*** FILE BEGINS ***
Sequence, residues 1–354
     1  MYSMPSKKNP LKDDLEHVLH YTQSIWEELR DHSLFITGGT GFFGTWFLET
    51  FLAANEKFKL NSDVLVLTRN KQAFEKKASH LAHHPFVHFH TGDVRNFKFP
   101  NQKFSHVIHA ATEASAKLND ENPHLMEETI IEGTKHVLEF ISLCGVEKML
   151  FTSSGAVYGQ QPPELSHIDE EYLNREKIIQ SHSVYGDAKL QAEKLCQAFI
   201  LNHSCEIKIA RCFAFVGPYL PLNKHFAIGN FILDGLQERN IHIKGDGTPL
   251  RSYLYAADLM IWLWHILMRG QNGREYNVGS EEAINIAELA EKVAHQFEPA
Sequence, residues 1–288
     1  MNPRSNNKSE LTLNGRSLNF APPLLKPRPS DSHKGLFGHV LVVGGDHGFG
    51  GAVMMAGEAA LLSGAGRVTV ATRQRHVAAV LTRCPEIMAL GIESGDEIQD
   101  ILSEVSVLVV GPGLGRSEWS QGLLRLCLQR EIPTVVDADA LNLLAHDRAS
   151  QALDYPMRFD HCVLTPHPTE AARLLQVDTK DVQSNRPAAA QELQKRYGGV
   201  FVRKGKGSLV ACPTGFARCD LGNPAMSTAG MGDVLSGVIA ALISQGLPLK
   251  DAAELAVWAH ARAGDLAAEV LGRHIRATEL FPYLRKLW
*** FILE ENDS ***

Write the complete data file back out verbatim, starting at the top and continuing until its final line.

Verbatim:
Sequence, residues 1–354
     1  MYSMPSKKNP LKDDLEHVLH YTQSIWEELR DHSLFITGGT GFFGTWFLET
    51  FLAANEKFKL NSDVLVLTRN KQAFEKKASH LAHHPFVHFH TGDVRNFKFP
   101  NQKFSHVIHA ATEASAKLND ENPHLMEETI IEGTKHVLEF ISLCGVEKML
   151  FTSSGAVYGQ QPPELSHIDE EYLNREKIIQ SHSVYGDAKL QAEKLCQAFI
   201  LNHSCEIKIA RCFAFVGPYL PLNKHFAIGN FILDGLQERN IHIKGDGTPL
   251  RSYLYAADLM IWLWHILMRG QNGREYNVGS EEAINIAELA EKVAHQFEPA
Sequence, residues 1–288
     1  MNPRSNNKSE LTLNGRSLNF APPLLKPRPS DSHKGLFGHV LVVGGDHGFG
    51  GAVMMAGEAA LLSGAGRVTV ATRQRHVAAV LTRCPEIMAL GIESGDEIQD
   101  ILSEVSVLVV GPGLGRSEWS QGLLRLCLQR EIPTVVDADA LNLLAHDRAS
   151  QALDYPMRFD HCVLTPHPTE AARLLQVDTK DVQSNRPAAA QELQKRYGGV
   201  FVRKGKGSLV ACPTGFARCD LGNPAMSTAG MGDVLSGVIA ALISQGLPLK
   251  DAAELAVWAH ARAGDLAAEV LGRHIRATEL FPYLRKLW